On November 14, 1960, a tiny six-year-old black child, surrounded by federal marshals, walked through a mob of screaming segregationists and into her school. From where she sat in the office, Ruby Bridges could see parents marching through the halls and taking their children out of classrooms. The next day, Ruby walked through the angry mob once again and into a school where she saw no other students. The white children did not go to school that day, and they wouldn’t go to school for many days to come. Surrounded by racial turmoil, Ruby, the only student in a classroom with one wonderful teacher, learned to read and add.
This is the story of a pivotal event in history as Ruby Bridges saw it unfold around her. Ruby’s poignant words, quotations from writers and from other adults who observed her, and dramatic photographs recreate an amazing story of innocence, courage, and forgiveness.
Generations of children have been captivated by the hair-raising adventures and misadventures of Brer Rabbit. Come along as he sneaks into Mr. Man’s garden, persuades Brer Wolf to be burned in a hollow log, and kicks Brer Fox’s Tar Baby. Jerry Pinkney’s lively and humorous illustrations are a perfect match for Julius Lester’s contemporary approach, which expertly introduces a modern sense of humor to these forty-eight tales while paying homage to their roots as traditional American folklore.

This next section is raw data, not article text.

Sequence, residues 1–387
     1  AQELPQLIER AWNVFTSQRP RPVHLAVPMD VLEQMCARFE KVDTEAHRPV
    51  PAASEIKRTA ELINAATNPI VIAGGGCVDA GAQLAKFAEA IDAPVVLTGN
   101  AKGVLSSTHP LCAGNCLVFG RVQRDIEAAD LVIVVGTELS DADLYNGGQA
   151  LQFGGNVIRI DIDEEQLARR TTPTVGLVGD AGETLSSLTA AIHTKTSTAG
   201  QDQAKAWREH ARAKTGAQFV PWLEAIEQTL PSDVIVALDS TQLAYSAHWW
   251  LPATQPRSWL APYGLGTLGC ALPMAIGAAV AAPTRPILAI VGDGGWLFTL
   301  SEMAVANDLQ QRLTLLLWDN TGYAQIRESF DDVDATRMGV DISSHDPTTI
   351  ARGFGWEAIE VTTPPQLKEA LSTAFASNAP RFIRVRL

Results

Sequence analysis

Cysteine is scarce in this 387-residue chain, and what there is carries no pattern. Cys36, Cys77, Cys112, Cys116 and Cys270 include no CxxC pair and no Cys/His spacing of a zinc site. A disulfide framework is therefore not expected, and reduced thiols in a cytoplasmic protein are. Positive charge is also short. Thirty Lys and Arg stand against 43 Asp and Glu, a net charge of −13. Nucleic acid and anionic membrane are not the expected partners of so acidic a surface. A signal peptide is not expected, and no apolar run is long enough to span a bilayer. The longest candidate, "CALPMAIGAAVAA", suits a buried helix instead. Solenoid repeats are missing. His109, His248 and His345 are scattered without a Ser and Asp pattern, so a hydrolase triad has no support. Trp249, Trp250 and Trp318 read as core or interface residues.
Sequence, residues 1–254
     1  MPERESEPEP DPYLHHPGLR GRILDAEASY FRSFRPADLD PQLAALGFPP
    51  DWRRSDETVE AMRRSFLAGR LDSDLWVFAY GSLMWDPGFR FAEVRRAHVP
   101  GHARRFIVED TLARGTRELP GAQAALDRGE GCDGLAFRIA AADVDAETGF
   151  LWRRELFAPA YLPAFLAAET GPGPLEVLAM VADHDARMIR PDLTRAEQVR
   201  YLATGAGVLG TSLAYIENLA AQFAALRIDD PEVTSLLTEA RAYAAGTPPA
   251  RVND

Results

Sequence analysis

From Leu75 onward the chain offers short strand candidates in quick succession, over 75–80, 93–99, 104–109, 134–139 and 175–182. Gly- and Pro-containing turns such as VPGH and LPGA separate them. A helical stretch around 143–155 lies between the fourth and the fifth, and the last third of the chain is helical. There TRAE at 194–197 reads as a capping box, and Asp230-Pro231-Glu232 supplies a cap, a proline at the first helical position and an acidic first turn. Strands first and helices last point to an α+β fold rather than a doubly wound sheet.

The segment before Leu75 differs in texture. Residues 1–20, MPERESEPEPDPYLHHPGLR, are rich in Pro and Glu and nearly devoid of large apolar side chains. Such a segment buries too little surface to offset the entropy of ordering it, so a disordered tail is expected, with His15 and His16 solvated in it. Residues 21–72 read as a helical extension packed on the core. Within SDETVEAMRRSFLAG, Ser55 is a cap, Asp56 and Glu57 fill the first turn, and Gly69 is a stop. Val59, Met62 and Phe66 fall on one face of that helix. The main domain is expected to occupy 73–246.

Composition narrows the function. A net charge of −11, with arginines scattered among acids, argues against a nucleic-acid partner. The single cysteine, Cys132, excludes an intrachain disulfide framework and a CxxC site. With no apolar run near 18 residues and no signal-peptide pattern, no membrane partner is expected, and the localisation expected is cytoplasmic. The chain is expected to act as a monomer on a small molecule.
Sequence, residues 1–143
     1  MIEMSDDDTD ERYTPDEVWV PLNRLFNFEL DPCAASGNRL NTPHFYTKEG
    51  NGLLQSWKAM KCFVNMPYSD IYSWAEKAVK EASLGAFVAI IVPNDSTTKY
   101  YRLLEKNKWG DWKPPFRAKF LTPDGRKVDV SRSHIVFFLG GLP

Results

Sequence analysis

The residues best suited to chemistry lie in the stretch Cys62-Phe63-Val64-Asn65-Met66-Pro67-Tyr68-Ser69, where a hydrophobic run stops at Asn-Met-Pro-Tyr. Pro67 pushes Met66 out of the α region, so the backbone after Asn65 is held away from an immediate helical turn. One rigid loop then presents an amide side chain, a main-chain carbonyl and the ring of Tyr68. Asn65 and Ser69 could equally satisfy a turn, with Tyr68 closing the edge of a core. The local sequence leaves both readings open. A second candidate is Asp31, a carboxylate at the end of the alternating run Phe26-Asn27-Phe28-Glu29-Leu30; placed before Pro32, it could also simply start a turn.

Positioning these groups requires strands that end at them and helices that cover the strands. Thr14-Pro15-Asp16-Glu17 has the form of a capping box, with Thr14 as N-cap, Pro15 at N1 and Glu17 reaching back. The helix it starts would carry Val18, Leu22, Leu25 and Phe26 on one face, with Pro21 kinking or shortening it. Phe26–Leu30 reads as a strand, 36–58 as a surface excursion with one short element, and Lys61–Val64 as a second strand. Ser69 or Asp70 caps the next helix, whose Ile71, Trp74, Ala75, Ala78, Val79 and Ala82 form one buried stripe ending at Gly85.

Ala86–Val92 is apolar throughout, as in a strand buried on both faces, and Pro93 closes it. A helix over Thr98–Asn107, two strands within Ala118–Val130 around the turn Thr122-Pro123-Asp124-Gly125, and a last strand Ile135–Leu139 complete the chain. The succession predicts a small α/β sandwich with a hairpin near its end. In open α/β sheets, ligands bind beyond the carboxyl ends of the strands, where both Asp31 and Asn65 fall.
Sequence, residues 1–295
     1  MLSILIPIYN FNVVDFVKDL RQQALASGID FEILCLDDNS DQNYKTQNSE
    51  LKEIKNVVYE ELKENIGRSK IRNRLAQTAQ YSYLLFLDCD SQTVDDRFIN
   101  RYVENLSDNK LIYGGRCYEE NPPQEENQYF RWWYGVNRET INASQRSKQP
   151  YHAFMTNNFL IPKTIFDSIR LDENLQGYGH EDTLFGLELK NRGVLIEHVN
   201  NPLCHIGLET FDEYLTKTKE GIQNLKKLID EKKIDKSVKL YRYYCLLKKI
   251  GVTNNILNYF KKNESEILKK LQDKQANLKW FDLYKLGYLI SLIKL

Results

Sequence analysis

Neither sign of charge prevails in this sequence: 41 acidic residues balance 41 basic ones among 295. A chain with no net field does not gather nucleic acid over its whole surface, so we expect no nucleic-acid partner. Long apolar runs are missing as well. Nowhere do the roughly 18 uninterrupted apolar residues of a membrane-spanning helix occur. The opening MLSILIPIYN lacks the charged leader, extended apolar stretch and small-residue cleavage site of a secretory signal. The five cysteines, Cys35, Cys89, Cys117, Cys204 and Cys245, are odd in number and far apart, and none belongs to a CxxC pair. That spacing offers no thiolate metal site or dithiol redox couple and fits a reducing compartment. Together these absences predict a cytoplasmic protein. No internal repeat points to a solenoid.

Bestselling Newbery Medalist Christopher Paul Curtis delivers a powerful companion to his multiple award-winning ELIJAH OF BUXTON.
Benji and Red couldn’t be more different. They aren’t friends. They don’t even live in the same town. But their fates are entwined. A chance meeting leads the boys to discover that they have more in common than meets the eye. Both of them have encountered a strange presence in the forest, watching them, tracking them. Could the Madman of Piney Woods be real?
In a tale brimming with intrigue and adventure, Christopher Paul Curtis returns to the vibrant world he brought to life in Elijah of Buxton. Here is another novel that will break your heart — and expand it, too.